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Council to Provide $45K in Funding to Bhutanese Service Center

Emergency Funding Authorization Saves Vital Refugee Resource Facility

[COLUMBUS, OH] New American residents in Columbus are being negatively impacted by the new U.S. immigration policy. Its unintended consequences are leaving members of the Bhutanese-Nepali community out in the cold unable to access the needed resources to navigate and resettle in the Capital City.

Councilmembers Emmanuel Remy, Elizabeth Brown, Jaiza Page and President Pro Tem Michael Stinziano are sponsoring ordinance 2624-2018 to provide $45,000 in emergency funding to the Bhutanese Community of Central Ohio (BCCO). The center is a vital community resource that focuses on long-term case management to assist families and connect them to local services. This funding keeps the doors open. 

“This is a direct result of substantial changes to federal immigration policy,” said Councilmember Remy. “Refugee resettlement organizations have experienced dramatic cuts in operational support. Now they are turning toward us. We are working to fill the gaps to help our community.”

Council is scheduled to vote on the funding during the September 24, 2018 meeting.

"I like to thank Councilmember Emmanuel Remy for taking the leadership role in advocating for the Bhutanese community,” said Bhutanese Community of Central Ohio Chairperson Bhuwan Pyakurel. “With this grant, hundreds of Bhutanese students and community members will be positively impacted. We are very happy and grateful for this help."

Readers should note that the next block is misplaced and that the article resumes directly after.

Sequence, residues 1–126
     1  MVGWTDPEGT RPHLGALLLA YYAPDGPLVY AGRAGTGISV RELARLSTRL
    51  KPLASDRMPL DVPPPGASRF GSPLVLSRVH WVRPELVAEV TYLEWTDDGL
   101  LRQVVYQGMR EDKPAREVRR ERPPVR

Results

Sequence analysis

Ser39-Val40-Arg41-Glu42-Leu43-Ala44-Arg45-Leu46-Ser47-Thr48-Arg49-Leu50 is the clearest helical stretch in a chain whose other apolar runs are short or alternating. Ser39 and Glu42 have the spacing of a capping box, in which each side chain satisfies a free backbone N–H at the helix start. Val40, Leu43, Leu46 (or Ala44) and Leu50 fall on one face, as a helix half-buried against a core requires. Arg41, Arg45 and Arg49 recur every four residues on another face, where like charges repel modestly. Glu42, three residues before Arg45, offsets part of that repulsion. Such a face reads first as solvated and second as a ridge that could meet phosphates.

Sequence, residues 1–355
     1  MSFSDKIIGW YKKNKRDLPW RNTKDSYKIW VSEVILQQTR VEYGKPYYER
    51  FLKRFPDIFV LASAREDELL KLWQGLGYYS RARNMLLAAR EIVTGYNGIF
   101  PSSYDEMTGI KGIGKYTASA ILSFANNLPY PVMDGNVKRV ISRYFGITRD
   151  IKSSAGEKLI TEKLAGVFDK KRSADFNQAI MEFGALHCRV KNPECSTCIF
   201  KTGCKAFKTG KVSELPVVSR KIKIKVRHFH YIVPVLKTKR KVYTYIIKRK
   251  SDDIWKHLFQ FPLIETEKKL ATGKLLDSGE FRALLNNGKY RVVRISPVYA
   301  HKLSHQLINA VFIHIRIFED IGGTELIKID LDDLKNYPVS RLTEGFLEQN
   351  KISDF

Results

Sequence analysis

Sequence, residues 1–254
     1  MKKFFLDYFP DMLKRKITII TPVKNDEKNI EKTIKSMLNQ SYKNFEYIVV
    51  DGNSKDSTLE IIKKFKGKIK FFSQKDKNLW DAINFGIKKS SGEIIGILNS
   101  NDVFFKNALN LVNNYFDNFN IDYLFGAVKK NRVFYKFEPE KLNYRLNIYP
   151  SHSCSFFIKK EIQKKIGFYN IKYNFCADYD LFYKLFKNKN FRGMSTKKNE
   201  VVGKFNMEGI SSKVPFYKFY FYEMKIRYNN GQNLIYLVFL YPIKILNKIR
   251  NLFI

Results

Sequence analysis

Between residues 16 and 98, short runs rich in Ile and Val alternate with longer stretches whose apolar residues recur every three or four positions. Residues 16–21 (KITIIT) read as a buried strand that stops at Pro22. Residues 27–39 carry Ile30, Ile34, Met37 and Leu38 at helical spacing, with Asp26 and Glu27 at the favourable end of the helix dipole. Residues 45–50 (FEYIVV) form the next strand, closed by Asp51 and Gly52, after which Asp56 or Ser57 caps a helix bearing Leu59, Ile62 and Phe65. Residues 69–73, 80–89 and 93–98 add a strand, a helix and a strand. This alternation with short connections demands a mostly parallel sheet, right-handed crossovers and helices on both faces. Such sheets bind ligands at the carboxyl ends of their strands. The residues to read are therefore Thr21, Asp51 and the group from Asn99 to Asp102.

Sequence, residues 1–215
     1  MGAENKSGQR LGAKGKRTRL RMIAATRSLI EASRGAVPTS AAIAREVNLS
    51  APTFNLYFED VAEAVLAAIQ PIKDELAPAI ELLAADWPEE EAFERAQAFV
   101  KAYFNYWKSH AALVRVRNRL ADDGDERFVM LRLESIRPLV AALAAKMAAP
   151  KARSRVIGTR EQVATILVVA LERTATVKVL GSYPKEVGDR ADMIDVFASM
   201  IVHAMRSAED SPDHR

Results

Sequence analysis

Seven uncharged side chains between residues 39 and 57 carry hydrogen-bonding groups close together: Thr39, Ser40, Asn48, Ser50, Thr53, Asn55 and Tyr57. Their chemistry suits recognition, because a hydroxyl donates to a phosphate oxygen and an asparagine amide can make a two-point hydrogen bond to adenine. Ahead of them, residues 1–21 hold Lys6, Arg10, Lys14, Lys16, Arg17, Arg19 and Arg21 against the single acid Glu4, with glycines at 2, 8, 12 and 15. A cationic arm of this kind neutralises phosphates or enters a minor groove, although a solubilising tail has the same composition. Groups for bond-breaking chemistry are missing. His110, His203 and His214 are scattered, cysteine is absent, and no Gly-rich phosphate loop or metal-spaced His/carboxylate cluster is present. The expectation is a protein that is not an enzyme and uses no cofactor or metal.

In 2017, the BCCO lost approximately 90% of its federal funding with the non-renewal of its Office of Refugee Resettlement grant. The Council funding will allow the BCCO to continue operations while allowing the organization to focus on delivering the broader services and programs needed by the community while securing other funding resources.

“Refugees and immigrants provide a direct boost to our local economy by owning small businesses, contributing $1.6 billion annually in spending power and paying hundreds of millions of dollars in state and local taxes,” said Councilmember Elizabeth Brown. “Not only does it make good economic sense to ensure our Bhutanese-Nepali refugees have access to services, but it is simply what’s right. President Trump’s administration often fails to see that a rising tide lifts all boats, but in Columbus, we know that every community counts.”

The BCCO provides direct services via case management to nearly 2,000 refugees and their families annually. The programming, training and events impact more than 5,000 people a year.

“The Bhutanese Community Center is a valuable resource,” Remy continued. “It is our duty to uplift areas that are in need of help. This is why we serve.”

Central Ohio’s Bhutanese-Nepali refugee population has increased by nearly 400% in the last eight years. Currently, The Ohio State University estimates there are 23,437 Bhutanese-Nepali people in Central Ohio and projects this population to increase to 30,000 over the next five years.

For more information on the Bhutanese Community of Central Ohio visit